I never got to vote for over 20 years. Not only because I worked in Japan for 7 years but because I decided not to. I believe that this has made me unhelpful and insensitive being a citizen of the Philippines. In other words, “useless.” No matter how many times I heard people tell me that, I did not care at all, not even when my husband tried his chance for Sangguniang Bayan in our municipality. Not even that has encouraged me to exercise my right to suffrage!
Voting is indeed necessary. We have the power to elect officials whom we trust could be effective public servants. But when you speak with the urban poor or outskirts of provinces, this vital purpose diminishes. A citizen said, “I will vote for whoever gives me the highest amount of money because they’re all the same.’ Another one opined, “This candidate is better because at least he had tangible projects. It’s better than none.” Then there’s this, “It’s okay to get envelopes because by the time they win, we cannot even feel them.” These all go down to “MONEY” and for them voting means a chance to directly receive something they weren’t able to gain from politicians in their reign. Thus, when I listen to these people, I would ask myself, their number accumulated vs. my only vote, will it matter? Hopeless.
In 2016, I personally campaigned for President Duterte. I distributed ballers, t-shirts, posters and attended his rally here in Iloilo to show my support. That year I was very optimistic for change. I rooted for his strong will to govern. He failed me. The change I saw wasn’t the change I thought the people needed. In 2022, I saw the same faces in the National bid. Why would I vote? I told myself, “These people were given years to prove themselves. Same-same, nothing will change. I will bet my life’s entirety for that.”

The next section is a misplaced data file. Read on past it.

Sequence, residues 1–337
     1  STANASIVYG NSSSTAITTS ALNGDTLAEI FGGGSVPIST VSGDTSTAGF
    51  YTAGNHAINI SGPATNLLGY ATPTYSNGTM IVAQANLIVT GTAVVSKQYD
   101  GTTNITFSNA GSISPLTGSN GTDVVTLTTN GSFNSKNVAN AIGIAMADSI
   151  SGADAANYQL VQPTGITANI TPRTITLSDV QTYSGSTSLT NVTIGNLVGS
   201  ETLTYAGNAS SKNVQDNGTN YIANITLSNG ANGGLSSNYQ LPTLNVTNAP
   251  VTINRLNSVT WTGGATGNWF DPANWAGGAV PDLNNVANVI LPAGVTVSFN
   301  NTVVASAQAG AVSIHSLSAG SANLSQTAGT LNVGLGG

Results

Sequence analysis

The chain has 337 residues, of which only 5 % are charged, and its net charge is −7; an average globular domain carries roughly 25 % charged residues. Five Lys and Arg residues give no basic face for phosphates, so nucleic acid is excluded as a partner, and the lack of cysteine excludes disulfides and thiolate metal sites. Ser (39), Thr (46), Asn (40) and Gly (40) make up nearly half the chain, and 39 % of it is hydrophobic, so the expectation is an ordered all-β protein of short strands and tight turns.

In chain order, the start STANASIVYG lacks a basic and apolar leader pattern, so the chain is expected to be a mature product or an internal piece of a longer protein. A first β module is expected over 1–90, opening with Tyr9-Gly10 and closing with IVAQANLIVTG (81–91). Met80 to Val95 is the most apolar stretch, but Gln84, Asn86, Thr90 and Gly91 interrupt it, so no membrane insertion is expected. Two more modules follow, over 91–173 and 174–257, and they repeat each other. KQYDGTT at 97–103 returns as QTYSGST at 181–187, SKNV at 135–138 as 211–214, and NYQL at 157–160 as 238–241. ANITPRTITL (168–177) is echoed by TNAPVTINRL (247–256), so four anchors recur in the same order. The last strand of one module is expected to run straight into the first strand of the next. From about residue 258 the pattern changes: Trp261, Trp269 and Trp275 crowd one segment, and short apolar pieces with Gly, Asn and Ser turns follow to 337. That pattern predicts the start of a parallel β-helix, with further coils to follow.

In the year 2022, even when I saw the willingness of my husband to sincerely serve, I first opposed because I believed that we can still be of help to our town even as ordinary citizens. Regularly, we have yearly gift giving, we promote employment, we also distribute goods in times of pandemic, we help build chapels, and there are more that I couldn’t enumerate here. However, since he was too strong of his decision, I supported him, campaigned for him, and I also witnessed a large number of folks believed in him. Yet he placed 10th of over 40 vying for the post. Then I concluded, even if I did vote, he wouldn’t make it anyway because people like me, whose too ideal with high hopes in clean elections and governance are outnumbered by the kinds I mentioned above and we couldn’t even afford to throw the blame on them. As the rich becomes richer and poor becomes poorer, will there be an ounce of chance to reach majority of Filipinos who will vote for the sake of the Philippines lifeline?
I’m not writing this to encourage you to boycott next elections because if you were that kind of voter as I am, combined, we would fail on our search for genuity in times election education and information gets blunt with the hungry stomachs.
Not until long-term politicians stop controlling low income families, or at least provide jobs with better benefits, they still mightily take a hold or gain the penniless’ sacred, life-changing “VOTE,“ which results to my one chance being repeatedly proven inadequate. Then, I would just remain an ordinary person that could somehow be useful in bringing light to my family and community.